Without walls or dividers, the open concept office can get very loud and may be distracting, especially for those who find it difficult to focus. Various studies have found that open office distractions decrease productivity between 15 to 28 percent, so it’s no surprise that the top complaint from those working in open offices is noise.
You’ll also have a few things to take into consideration: do your employees need to make frequent phone calls? Would they need to leave the space and go into a designated phone space to make the calls? What about video conferencing? And while the point of the open office is to increase human interaction, it doesn’t always have the intended effect. Research published in the Harvard Business Review found that when companies switch to open concepts – face-to-face interactions fall by 70 percent while email interactions jumped by 50 percent.
It doesn’t seem to make much sense: co-workers can see and talk to each other much easier without the cubes and walls, so why wouldn’t the interaction increase? One reason is that the open concept adds a fourth wall. Essentially, workers need to establish some way to limit the new distractions that perk up without walls. So they look more intently at their work; they act annoyed if they’re disrupted; they make it clear that they’re working. These are all actions they didn’t necessarily take previously, because the distractions and interruptions were less frequent.
Adding to all the distractions is the stress. Researchers at Queensland University of Technology found that 90 percent of those working in an open office had high levels of stress and job turnover. Another study found that those in the open offices took 62 percent more sick days than those in traditional offices. Privacy – even in an office environment – is important, and the lack of all privacy stemming from the open office, can lead to increased stress levels as well.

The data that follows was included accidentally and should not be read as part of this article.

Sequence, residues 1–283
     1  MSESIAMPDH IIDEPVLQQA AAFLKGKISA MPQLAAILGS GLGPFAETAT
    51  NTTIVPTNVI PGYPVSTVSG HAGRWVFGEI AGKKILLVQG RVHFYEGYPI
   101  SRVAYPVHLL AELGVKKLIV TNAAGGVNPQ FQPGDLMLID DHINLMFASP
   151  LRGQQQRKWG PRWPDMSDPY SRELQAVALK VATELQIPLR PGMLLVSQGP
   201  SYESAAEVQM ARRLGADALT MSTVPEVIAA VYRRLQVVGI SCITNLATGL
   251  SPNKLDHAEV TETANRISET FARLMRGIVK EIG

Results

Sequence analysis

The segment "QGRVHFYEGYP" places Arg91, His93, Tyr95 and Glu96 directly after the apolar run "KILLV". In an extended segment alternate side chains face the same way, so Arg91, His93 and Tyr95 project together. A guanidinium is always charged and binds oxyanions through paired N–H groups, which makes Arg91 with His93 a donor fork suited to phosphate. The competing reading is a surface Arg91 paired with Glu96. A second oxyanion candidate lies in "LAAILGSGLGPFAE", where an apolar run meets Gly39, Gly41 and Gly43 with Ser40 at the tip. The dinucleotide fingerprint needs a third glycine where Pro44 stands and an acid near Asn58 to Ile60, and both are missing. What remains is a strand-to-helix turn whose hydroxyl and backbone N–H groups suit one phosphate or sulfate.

Make it work
If you’ve decided to spring for the open office, you should keep some ground rules in mind.
- While the goal is increased interaction, it’s impossible to work while being constantly interrupted. Perhaps you can section off an area where it’s an interruption-free zone: this would be a table where employees could work silently when needed.
- There should be a designated area for phone calls and other chatter. Some offices even create actual phone booths.
- You need a code of conduct when it comes to speaking with other employees while they’re working, or interruptions could be endless. If they’re wearing headphones, then perhaps this means they don’t want to speak?
There are pros and cons to the open office space, so nothing’s stopping you from taking a little of both worlds. It’s possible to have sections of the office be open space – or even rooms where teams can meet without walls or cubes. There can also be larger areas that have privacy spaces for those who want to work sans distraction.
It’s up to you, but like we said in the beginning, your office space says a lot about your company culture. Are you keeping up with all of the modern trends that make sense for your business? By trying out innovative ways to make your place of work a more creative, engaging place to be, you’re showing a generation of new hires that you’re worth applying to. Plus, you’re reinvigorating the excitement your current workers used to feel when they first started working at your company. Change can be a big deal- but in this case, it’s totally worth it.